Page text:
Losing $47 billion in a day is quite an achievement, by any standard. Indeed, it is one of the biggest ever one-day falls in a firm’s stockmarket value, though short of Intel’s $91 billion plunge in September 2000. The only consolation is that General Electric, which saw its shares fall by 13% on April 11th after it revealed that it had missed its profit target by a country mile, still ended the day worth $320 billion.
This is not what investors expect from one of the few remaining triple-A-rated companies, famed for hitting its targets. Questions are now being asked about the future of GE’s boss, Jeff Immelt, who did himself no favours by saying as recently as March 13th that the firm was still on course for a profit target that in December he had described as “in the bag.”
GE’s shares have performed disappointingly during Mr Immelt’s tenure, and are now 20% below their price when he succeeded the giant conglomerate’s legendary boss, Jack Welch, in 2001. On April 16th, in an apparent bid to wrest the title of “least helpful predecessor” from Alan Greenspan, the suddenly outspoken former Federal Reserve chairman, Mr Welch informed viewers of GE’s business channel, CNBC, that “Jeff has a credibility issue. He’s getting his ass kicked,” before promising to “get a gun out and shoot him if he doesn’t make what he promised now.”
Though it probably did not seem that way, this was intended as a vote of confidence in Mr Immelt, and has a precedent: in 1994, after the GE Plastics unit, then run by Mr Immelt, fell short of expected profits by $50m, Mr Welch threatened to fire him if it missed its results again. It did not. Mr Welch never missed his profit targets; indeed, on his watch GE’s profits grew with the sort of predictable consistency that was made possible by laxer accounting standards and a talent for making good any unexpected shortfall with last-minute sales of assets held by the firm’s notoriously opaque finance arm, GE Capital.
Although today’s accounting rules are somewhat tougher, it seems that the main cause of GE’s last-minute failure to hit its latest target was that the seizure of the capital markets prevented several asset sales from being completed in time. Despite its image as an industrial company—making wind turbines, lightbulbs and so on—40% of GE’s revenue now comes from GE Capital, so these incomplete deals made a big difference to the overall results.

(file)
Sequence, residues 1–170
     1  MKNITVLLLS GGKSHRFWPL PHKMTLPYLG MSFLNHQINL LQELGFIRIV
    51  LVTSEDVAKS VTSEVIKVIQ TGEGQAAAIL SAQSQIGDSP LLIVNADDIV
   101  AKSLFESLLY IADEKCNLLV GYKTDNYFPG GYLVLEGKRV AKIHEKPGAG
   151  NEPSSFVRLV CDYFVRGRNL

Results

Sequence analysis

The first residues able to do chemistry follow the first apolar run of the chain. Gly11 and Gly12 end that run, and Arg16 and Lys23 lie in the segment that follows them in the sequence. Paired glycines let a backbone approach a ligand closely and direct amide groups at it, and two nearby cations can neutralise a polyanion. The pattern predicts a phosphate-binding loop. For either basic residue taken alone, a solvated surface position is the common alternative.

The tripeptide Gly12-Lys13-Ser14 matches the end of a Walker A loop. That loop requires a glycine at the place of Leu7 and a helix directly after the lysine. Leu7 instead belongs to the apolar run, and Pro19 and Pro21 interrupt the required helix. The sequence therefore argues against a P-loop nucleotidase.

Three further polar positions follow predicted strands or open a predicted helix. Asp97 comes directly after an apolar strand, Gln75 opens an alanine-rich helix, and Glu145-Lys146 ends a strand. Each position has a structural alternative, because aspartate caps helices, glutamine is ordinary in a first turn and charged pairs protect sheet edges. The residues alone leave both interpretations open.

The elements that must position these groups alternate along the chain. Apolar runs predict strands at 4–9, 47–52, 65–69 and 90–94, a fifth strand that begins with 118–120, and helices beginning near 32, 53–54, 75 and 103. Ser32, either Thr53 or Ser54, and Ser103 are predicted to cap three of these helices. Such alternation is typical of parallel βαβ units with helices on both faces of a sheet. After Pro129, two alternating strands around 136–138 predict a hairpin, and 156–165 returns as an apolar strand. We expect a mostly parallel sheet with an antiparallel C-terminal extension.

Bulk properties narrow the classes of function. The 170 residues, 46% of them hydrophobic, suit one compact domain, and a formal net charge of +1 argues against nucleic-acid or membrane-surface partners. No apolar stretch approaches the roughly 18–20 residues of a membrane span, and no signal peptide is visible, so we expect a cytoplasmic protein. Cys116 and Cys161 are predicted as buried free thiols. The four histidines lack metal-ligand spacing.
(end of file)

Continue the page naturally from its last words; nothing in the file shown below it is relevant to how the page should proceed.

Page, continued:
Behind the headlines, GE provides some comfort to those who hope that the rest of the global economy is decoupling from America’s. GE’s industrial portfolio, especially its infrastructure units (transport, oil, gas, energy and aerospace), is increasingly international and is still growing solidly. The weakness is at GE Capital. As well as its recent inability to sell assets, it has been hit by a deterioration in its consumer-credit portfolio.
The disappointing results have prompted some investors to call for GE to break itself up. They argue that GE is now suffering from the traditional conglomerate discount that, under Mr Welch, it somehow avoided. Yet if Mr Immelt is tempted to do something dramatic to save his skin, it could hardly be at a worse time. With private-equity firms unable to raise debt, and strategic buyers not exactly flush with cash, getting a good price for bits of GE’s industrial portfolio would be hard—and selling chunks of GE Capital in today’s market could happen only at distressed prices.
What about spinning off GE Capital as a separate public company? Richard Hoffman of CreditSights, a research firm, notes that GE Capital’s model relies on being able to borrow cheaply thanks to its triple-A rating, which it has only because of GE’s industrial units. He notes that CIT, a much smaller firm that is similar to GE Capital in some respects, is now practically frozen out of the capital markets.
GE does not need to sell. Despite its shortfall, it made a profit of $4.4 billion in the first quarter of this year. The best strategy for Mr Immelt is to continue shuffling GE’s portfolio to raise profit margins, while pursuing his ambitious green “ecomagination” policy. Will shareholders let him?